You might want to start with a more charitable, and probably accurate, interpretation like this rather than dismissing others.

 

Since you like treble, you'll probably like these headphones. While the treble is strong, it is not harsh.

 

Quote:
Originally Posted by bcasey25raptor View Post

Are you sure?

graphCompare.php?graphType=0&graphID[]=3101
Except for a spike at 9khz it still recesses by a good 5 db. Why do people on this site hate treble so much. Boosted treble would be above 0db. The treble on these look rather flat and neutral (TRUE NEUTRAL)

 

And guys there is still boasted midbass. By about 3db. There is no neutral to some people and colored to others. Neutral is a straight line.

 

This graph shows a recession in sub bass, flat mids, slightly boasted midbass, and recessed treble. I really need to question the merit of people on here about their knowledge on audio and how it should sound.

 

 

I would also like to point out that the shure srh840 is a colored bass heavy headphone.



 

post #2004 of 3844

That's exactly how I hear them, too.

 

What measurement captures something like dryness? Is there one?
 

Quote:
Originally Posted by Brooko View Post


 

You said "bass-heavy" - that's what I responded to .......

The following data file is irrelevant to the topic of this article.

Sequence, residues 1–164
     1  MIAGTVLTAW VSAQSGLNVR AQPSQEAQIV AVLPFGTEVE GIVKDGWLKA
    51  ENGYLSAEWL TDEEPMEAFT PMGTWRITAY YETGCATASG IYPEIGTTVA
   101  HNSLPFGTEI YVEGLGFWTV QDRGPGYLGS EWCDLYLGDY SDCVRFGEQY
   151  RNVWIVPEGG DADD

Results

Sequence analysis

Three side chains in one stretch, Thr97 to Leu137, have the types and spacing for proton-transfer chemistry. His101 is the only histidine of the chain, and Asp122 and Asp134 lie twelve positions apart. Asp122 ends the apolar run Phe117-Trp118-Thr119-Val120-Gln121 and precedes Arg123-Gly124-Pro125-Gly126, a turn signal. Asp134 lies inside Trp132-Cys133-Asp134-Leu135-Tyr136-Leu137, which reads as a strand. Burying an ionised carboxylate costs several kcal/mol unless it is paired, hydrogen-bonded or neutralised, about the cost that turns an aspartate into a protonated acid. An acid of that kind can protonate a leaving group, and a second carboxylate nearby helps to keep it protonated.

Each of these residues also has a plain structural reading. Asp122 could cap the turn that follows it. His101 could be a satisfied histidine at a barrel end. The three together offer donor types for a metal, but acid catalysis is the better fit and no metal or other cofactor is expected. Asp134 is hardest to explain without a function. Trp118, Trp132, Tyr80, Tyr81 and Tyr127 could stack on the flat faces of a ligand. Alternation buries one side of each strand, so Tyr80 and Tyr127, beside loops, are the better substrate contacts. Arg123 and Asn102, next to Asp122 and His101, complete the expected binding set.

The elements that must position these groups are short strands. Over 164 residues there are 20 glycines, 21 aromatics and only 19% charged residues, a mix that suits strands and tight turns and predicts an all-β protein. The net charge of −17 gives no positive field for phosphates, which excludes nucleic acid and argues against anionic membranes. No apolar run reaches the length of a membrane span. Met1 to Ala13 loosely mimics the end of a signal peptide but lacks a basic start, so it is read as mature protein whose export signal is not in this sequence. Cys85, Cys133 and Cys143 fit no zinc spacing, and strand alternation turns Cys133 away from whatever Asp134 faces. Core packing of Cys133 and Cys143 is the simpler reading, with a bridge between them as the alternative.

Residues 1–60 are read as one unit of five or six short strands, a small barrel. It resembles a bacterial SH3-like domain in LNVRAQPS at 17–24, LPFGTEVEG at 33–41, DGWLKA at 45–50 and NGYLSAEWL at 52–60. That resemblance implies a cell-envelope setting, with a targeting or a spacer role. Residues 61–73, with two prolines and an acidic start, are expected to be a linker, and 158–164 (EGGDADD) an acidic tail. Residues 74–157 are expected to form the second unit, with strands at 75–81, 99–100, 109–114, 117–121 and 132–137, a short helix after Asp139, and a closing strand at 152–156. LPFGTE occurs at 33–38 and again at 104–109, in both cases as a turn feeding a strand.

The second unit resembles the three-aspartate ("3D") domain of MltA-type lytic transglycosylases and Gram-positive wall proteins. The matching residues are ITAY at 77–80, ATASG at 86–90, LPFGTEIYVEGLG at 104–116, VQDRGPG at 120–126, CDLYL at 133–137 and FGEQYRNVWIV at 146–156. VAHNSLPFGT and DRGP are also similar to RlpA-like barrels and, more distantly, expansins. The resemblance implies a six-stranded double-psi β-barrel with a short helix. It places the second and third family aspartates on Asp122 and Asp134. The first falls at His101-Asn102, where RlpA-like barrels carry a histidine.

And if you are going to try the 940's I'll be interested in your impressions.  Very warm forward mids, well extended sub-bass, recessed mid-bass, very extended and detailed highs - I would call them very coloured - warm with a dryish (but not grainy) top-end.  With all the emphasis on the top end - and missing mid-bass - they give the impression of being a little bass light.

 

Hardly what you described in your graph/text.  But then again I owned them ....



 

post #2005 of 3844

  Your not going to EQ your way to bliss people. Neutrality is just that....neutral! These are quite neutral! Neutral in a transducer means you can discern the rest of the chains performance far easier. 

 

  You can whip your I-Pud to a frenzy and still not glimpse the end of the rainbow. Yes, these are a cheap phone but scale well (quite well actually) with better gear.